Finan was the second bishop of Lindisfarne, succeeding Aidan on his death in
651ad, a hard act to follow! Like Aidan he had been an Irish monk on Iona.
During his 10 years here Finan energetically promoted the missionary work of
Lindisfarne, for which Aidan had prepared the ground. Just south of
Northumbria was the kingdom of Mercia and Middle Anglia, where the great king
Penda, though himself remaining pagan, had no objection to the Christian
mission. Finan sent a team of three English monks and one Irish there. He had
the pleasure of baptising Penda's son Peada, and eventually of consecrating
the Irish monk in the team, whose name was Diuma, to be the first bishop of
Mercia and the Middle Angles. Finan also baptised the king of the East
Saxons, and sent Cedd to be missionary and bishop to the people there.
Here on the Island Bishop Finan constructed a second church, not of stone but
of hewn oak and thatched with reeds. Later the Archbishop Theodore of Tarsus
came up to consecrate it to St.Peter. This church must lie under our ruined
Finan was very keen to defend Irish customs against continental ones, and had
a blazing row with one Ronan over this: he was a visitor who came to tell the
Lindisfarne monks what they should be doing.
Finan also warmly encouraged the 18-year old Wilfred, who as a boy had been
educated in our monastery, in his desire to visit Rome. He did not know what
he was doing, for Wilfred came back in love with all things Roman, and
determined to change Lindisfarne. But Finan did not live to see this. He died
Eanflaed, or Enfleda, was the first child of Edwin and Ethelburg, King and
Queen of the newly formed Anglo-Saxon kingdom of Northumbria. On the day
that she was born a great drama happened at the court. An envoy of the
hostile king of Wessex came with a poisoned dagger to murder Edwin, and he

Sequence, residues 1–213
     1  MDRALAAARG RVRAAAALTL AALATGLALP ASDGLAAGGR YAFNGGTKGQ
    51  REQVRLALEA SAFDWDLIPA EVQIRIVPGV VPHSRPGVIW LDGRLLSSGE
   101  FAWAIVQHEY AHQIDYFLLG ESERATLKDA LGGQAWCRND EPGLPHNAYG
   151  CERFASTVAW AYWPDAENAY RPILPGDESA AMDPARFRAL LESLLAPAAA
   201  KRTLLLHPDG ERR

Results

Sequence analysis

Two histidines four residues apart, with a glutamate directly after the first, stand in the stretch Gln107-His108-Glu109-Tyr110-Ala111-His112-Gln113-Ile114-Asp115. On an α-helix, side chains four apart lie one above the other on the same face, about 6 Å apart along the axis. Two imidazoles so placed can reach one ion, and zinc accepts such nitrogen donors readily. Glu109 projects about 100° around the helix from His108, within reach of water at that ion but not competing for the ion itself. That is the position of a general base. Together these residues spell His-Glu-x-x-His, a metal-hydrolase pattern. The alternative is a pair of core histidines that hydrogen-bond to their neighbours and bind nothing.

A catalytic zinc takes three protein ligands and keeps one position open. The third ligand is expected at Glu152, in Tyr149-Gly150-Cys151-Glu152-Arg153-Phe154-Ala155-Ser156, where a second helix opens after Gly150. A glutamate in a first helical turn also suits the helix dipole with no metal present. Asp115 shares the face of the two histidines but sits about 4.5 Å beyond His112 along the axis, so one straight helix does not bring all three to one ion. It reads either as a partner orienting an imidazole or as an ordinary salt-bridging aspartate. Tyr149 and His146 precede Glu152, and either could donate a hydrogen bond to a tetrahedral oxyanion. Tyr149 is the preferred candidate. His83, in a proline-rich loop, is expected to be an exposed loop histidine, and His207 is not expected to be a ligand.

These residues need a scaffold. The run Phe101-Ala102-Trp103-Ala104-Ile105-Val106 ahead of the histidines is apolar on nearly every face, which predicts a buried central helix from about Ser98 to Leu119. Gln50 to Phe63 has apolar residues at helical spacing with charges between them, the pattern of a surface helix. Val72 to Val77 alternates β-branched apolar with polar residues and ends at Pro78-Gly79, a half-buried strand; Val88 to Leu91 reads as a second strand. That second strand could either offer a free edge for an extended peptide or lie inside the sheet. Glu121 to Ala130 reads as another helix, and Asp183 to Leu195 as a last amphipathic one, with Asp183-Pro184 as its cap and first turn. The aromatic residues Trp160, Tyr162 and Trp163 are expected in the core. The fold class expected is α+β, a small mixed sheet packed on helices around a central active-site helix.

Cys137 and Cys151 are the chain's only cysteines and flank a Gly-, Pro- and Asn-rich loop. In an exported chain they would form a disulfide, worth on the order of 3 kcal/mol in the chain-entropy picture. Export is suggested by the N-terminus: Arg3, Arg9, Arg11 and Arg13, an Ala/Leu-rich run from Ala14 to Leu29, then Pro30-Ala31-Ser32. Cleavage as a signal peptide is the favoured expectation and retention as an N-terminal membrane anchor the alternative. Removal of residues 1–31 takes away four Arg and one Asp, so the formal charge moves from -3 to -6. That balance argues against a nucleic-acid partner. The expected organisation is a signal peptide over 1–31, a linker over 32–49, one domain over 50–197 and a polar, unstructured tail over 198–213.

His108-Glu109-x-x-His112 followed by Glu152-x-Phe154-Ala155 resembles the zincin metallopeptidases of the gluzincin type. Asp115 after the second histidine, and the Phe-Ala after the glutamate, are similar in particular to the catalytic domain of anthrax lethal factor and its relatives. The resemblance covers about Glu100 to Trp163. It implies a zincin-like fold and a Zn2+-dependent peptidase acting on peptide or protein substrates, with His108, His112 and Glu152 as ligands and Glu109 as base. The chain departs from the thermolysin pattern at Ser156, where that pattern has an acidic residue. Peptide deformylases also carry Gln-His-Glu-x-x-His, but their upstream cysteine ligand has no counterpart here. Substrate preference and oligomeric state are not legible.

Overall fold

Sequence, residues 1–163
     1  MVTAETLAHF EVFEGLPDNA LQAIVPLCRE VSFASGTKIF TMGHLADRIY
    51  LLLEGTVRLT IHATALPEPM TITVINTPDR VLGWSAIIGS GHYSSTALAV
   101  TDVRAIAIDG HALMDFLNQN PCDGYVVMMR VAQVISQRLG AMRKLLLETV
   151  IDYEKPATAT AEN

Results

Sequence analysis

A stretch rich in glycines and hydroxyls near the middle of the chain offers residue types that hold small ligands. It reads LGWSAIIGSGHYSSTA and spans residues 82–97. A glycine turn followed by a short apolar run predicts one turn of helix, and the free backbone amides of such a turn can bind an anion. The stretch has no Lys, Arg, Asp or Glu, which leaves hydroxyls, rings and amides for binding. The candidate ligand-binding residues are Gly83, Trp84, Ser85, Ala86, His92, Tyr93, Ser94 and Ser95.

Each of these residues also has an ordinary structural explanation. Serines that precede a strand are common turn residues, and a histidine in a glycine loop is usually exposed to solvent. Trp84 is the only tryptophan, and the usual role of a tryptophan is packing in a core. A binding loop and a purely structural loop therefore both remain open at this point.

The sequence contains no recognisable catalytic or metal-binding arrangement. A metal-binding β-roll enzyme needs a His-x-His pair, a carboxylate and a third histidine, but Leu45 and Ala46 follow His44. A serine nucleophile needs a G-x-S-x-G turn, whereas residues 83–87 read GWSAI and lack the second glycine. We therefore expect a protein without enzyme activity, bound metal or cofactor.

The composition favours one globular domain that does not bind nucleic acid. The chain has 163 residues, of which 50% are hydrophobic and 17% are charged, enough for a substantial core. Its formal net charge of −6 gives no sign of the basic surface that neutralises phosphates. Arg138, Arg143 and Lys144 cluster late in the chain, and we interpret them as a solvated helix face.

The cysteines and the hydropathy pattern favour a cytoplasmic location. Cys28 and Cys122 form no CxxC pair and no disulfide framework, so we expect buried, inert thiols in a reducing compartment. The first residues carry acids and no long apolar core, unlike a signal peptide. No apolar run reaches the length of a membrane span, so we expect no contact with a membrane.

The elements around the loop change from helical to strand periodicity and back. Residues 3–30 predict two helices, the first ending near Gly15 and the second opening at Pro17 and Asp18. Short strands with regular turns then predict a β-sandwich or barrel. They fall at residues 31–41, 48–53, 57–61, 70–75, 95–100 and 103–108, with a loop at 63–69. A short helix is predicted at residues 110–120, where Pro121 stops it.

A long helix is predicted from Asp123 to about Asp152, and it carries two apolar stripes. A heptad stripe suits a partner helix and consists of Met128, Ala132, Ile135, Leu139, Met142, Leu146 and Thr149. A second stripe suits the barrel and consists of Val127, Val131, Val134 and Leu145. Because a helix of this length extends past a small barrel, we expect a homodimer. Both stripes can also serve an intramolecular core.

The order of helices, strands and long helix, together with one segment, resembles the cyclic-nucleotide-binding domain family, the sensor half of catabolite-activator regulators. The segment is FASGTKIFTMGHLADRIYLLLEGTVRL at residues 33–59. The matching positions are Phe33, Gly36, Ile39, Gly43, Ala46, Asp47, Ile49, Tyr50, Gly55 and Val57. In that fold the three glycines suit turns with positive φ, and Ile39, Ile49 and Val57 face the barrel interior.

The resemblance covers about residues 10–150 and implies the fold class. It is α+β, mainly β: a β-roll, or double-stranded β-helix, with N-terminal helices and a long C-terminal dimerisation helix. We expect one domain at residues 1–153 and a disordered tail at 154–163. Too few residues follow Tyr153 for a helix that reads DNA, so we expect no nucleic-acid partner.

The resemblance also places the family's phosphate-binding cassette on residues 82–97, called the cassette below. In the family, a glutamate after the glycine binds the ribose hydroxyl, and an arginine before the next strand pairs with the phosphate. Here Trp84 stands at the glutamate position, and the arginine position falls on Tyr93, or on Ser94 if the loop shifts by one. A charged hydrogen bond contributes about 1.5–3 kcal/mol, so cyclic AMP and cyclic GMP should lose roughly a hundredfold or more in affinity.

escaped only because a loyal friend, Lilla, leapt in and took the fatal blow.
Lilla died; Edwin lived; an hour or two later Eanflaed was born. Edwin was
not yet a Christian, though he was moving towards it. As an act of
thankfulness he allowed his new daughter to be baptised. So baby Eanflaed
became the first Anglo-Saxon Christian in Northumbria.
When she was 7 her father was killed in battle, and her mother, who had been
a princess of Kent, fled back there with her family. From there in time
Eanflaed, now 16 years old, returned to the north to be the bride of King
Oswy. Of course her faith and practice was that of the continental
Christians, and she stuck to those customs. Her husband was Irish-trained by
Aidan and the monks of Iona, and the disagreement in his own family was one
reason, though probably a minor one, for his summoning the Synod of Whitby,
which decided that Northumbria should accept Christian leadership from the
continent in the future.
Eanflaed had shown herself interested in monasticism when she persuaded her
husband to found a monastery at Gilling, as an act of penance after he had
murdered his kinsman Oswin. She also supported and encouraged the young
Wilfrid. So it was not surprising that when her husband died she decided to
be a nun, and went to Whitby, where her relative Hild was Abbess, and where
her own daughter, Aelflaed, had been sent as an infant. Eanflaed succeeded
Hild as Abbess in 680. During her rule the relics of her father Edwin were
received at the monastery and his cult as a saint was promoted.
Eanflaed is an example of the importance of women in the church at the time,
especially of aristocratic widows, of whom there were many in that very